What Does the Greek Orthodox Church Believe?

what does greek orthodox church believe

Whether you are a member of the Greek Orthodox Church or not, you should be familiar with what it believes. It is important to know what the Church believes in order to know how you can live a life of faith and practice the teachings of the Church.


Traditionally, infants are baptized on the 40th Day after birth. This date has a connection with the life of Christ and the Old Testament rites.

The Nicene-Constantinopolitan Creed contains the Orthodox teaching on Baptism. The sacrament is a triple immersion, which symbolizes Christ’s three days in the tomb.

The priest blesses the water in the baptismal font. He then adds a small amount of oil, which the godfather brings along. The priest asks God to accept this oil as a gift of healing and peace.

A pre-baptismal anointing with olive oil is a religious symbol. It symbolizes reconciliation, peace, and healing from sin.

There are several other rituals associated with baptism in the Orthodox Church. Some of these may be more appropriate for adults than infants.

The Eucharist

Traditionally the Eucharist is the centre of life for the Orthodox Church. It is the source of all Church doctrines. The Eucharist is offered every Sunday. There are four different Eucharistic liturgies used in the Orthodox Church.

The Liturgy of the Pre-Sanctified Gifts is used on Wednesdays and Fridays during the Great Lent. It is a vesper service. The Service is celebrated in the evening and is followed by the distribution of reserved Communion.

Liturgy of St John Chrysostom is the most common Liturgy celebrated. This is the service which emphasizes the unity of the local congregation. It is shortened from the longer Liturgy of St Basil. The Book of Gospels is carried into the sanctuary at the Little Entrance and the Bread and Wine are carried into the sanctuary at the Great Entrance. The Prayer of Consecration is read, usually by the whole congregation.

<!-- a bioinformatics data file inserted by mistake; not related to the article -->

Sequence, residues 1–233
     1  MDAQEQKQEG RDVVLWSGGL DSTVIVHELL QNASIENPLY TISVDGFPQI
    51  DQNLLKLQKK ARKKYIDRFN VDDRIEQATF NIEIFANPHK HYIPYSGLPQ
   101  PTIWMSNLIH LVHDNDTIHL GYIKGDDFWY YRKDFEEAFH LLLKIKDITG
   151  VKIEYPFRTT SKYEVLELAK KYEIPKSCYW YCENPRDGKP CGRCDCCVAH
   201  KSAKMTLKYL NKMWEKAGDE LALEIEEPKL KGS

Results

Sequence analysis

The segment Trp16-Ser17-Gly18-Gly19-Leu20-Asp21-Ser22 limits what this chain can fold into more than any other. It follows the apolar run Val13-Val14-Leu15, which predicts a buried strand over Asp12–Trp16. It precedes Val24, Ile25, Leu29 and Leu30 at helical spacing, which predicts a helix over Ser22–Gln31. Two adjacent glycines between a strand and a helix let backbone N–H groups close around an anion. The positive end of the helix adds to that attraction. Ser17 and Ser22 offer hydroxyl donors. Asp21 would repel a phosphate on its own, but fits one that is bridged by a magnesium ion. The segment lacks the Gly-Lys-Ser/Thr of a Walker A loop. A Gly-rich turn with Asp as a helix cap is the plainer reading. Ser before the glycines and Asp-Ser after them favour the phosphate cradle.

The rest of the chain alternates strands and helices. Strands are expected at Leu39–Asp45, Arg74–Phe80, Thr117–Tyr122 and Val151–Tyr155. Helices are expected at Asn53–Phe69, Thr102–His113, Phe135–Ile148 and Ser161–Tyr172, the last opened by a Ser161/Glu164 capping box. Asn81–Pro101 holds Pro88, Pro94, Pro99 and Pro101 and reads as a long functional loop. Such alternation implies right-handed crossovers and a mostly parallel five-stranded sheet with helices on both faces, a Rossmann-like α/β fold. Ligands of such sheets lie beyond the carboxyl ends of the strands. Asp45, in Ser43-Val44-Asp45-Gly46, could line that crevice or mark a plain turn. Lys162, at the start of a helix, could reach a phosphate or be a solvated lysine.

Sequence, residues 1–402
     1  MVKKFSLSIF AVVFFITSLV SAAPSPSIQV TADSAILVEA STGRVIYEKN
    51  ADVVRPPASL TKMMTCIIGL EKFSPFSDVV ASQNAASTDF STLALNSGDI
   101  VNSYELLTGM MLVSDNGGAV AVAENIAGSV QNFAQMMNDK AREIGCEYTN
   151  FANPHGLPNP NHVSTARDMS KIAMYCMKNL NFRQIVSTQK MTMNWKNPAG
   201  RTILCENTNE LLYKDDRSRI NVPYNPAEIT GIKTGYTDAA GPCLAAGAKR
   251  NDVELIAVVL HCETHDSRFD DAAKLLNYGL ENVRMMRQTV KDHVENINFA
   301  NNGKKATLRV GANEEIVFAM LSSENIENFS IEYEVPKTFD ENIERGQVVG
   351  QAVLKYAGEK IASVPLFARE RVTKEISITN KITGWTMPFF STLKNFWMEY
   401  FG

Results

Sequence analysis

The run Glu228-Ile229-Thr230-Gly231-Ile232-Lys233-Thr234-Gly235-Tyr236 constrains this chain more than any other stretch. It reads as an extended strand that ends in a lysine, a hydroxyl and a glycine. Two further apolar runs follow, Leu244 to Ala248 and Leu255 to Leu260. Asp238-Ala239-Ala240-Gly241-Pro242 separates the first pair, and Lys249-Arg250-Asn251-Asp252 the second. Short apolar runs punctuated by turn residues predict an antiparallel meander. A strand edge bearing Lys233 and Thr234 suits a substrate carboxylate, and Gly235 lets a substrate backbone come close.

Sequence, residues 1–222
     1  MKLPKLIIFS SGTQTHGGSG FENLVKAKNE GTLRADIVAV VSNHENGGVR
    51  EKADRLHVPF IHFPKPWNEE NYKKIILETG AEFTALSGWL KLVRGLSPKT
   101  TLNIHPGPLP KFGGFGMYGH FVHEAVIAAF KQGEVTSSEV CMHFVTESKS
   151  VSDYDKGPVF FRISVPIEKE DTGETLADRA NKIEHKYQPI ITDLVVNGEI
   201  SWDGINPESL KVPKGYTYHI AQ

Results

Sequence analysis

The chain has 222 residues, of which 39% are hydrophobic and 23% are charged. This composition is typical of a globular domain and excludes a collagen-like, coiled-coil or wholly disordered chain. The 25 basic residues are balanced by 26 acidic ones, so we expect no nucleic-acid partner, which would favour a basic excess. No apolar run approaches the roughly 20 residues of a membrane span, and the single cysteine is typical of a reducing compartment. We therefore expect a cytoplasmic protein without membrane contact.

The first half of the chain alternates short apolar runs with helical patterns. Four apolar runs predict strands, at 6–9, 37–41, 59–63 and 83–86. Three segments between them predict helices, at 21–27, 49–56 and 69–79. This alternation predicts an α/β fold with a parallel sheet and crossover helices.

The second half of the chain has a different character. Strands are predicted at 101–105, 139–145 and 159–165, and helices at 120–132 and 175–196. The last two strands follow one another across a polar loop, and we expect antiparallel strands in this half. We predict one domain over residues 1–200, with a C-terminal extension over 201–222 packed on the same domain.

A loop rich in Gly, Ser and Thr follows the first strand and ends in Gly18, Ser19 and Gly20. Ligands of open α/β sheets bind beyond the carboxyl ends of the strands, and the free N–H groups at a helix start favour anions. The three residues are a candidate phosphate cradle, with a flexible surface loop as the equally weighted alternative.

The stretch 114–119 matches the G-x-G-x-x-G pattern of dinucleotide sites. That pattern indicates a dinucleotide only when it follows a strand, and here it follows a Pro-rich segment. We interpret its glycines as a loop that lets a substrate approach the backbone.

The Betrayal, Trial, Execution, Burial and Resurrection of Jesus Christ

Throughout his ministry, Jesus went through a series of trials and tribulations. Some of these trials happened in the night. These trials involved different people. Some of the trials were recorded in the canonical gospels, such as Mark, Luke, and John.

These gospels provide the details of the trials and tribulations of Jesus. Each of the gospels stresses a different aspect of the events. For example, Matthew and Luke claim only female witnesses to the crucifixion.

Mark records the appearance of Jesus before Pontius Pilate, the Roman procurator for Judea. Pilate was surprised to find that Jesus did not defend himself.

The gospels also report that many disciples saw Jesus. Some of the gospels include details about Jesus’ appearance, such as the appearance of a gardener.

Saints as family members

Whether you are an Orthodox Christian or not, you may have heard about the custom of honoring Saints as family members. This tradition has been around for a long time. The Greek word for saint means “not of the world”. Traditionally, Christians have chosen the names of Saints as a way of expressing their link with a spiritual family.

In an Orthodox household, the family sanctuary is often a place of worship. This is a place where the family can pray together, read the Bible, and display an icon of a patron saint. It is also a place where the family can receive the Holy Eucharist, or the Body and Blood of Christ.

In addition to displaying an icon of a patron saint, the family can also honor the Saint on his or her Name Day. This can be done by offering Artoclasia, or a cake or other special treat.

Spiritual renewal not separate from the life of the Church

Despite the fact that the Orthodox Church is a religious minority in many countries, it does not have to be. In fact, it has a great deal in common with other religious faiths. It shares a number of practices, including baptism and communion. It also has a strong historical component.

The Church was founded at Pentecost. On that day, the Holy Spirit descended upon the Apostles. It marked the beginning of the Church’s mission to the world. The goal of the Church is to save the world.

The Church was enlivened by the Holy Spirit. It is therefore one body, a community of children of God. It is not divided by race or class. The Church carries out the mission of reconciliation. It teaches its members to recognize themselves as part of Christ’s mission. It teaches them to love their fellow men and to defend their fatherland against the enemy.

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